1. Over the last year or so I have had to face that I have a tendency to get stuck in these “toxic” friendships with women. Its something that really eats at me and though I have been able to cut ties with a few. There are still friendships that presently I am unsure of how to move forward in.

    One in particular I have been so close with for almost 7 years now. I realized recently, that though I thought we had been there for each-other through thick and thin, really its been me there for her. She has displayed numerous times her inability to show up when I need her to/when she should as my friend. I struggle with not knowing if I put too much pressure on my friends because I go above and beyond and just need to accept people for who they are or if I really need to completely re-identify with who I become friends with?

    Sorry for the long post! But I would love any and all advice.

  2. I totally went through (& still am going through) friendship breakups, and they are TOUGH. I recently ended a 12 year friendship with my high school bestie, and it was really hard but ultimately the best decision. We had nothing in common anymore, and she wasn’t doing the things I would expect from a best friend. I felt let down, angry, and decided I didn’t need that in my life.

    Thanks so much for sharing your struggles too. I’m glad I’m not alone!

    Christina | http://www.cuddlepill.com

  3. I love what you said about how we sometimes accept things in friendships that we never would in a partner. I never thought about that, and it is definitely a useful way of viewing friendships! I agree that if you are tip-toeing around a friend, they are probably toxic. Same with if they are not empathetic. I definitely have some friendships I need to re-evaluate in my life as I have some that fall under these categories!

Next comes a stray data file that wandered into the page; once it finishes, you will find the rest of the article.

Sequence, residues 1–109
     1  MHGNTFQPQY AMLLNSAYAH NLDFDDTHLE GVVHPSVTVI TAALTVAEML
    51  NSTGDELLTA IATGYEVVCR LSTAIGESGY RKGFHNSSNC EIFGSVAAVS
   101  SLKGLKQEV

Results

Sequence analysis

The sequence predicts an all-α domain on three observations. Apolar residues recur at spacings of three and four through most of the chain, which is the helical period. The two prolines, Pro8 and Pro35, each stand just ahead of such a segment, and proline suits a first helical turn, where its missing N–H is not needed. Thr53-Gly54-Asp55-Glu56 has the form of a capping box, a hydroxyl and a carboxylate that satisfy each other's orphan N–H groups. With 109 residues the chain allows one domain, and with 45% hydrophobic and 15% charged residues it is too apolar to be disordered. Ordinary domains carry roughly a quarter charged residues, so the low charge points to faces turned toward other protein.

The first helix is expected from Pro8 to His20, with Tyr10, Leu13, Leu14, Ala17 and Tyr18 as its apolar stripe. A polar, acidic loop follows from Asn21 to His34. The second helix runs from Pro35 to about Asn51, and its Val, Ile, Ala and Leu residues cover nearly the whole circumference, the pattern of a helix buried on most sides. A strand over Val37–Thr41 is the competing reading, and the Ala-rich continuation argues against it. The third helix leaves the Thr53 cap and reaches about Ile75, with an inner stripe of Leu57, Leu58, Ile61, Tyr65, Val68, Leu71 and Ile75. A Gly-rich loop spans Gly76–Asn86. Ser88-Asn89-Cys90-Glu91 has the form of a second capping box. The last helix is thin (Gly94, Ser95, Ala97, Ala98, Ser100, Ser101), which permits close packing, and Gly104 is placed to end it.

Mia | http://www.verymuchmia.com

  4. I found this very relatable and accurate. It’s never a great feeling to realise your friendship/relationship with someone is extremely toxic to yourself and you need to cut them out to come back to yourself and to accept that it’s for the best.

    Hannah | Ante Meridiem

  5. These are greats tips for romantic relationships too!
    I agree that most people are more patience and tolerance in friendships than in romantic relationships.
    I’ve found out that me putting high expectations on others have caused many of my friendships to fail.
    It’s great to have a romantic and friendship all wrap up in one. That’s what my wife is to me, my bestie!
    Great post!

  6. Just wanted to say thank you so much, that is true with my friendships in one of them the person really made me feel like she only cared about her self and never gave a dam about any of my feelings all the time, so I cut it off when there was to much negativety. Then in the other friendship I felt that certain topics you could not discuss or he would get angry and you had to tippy toe around him. That was cut off by me. I feel free much better and surround myself with positive people. Thanks for what you said, so true.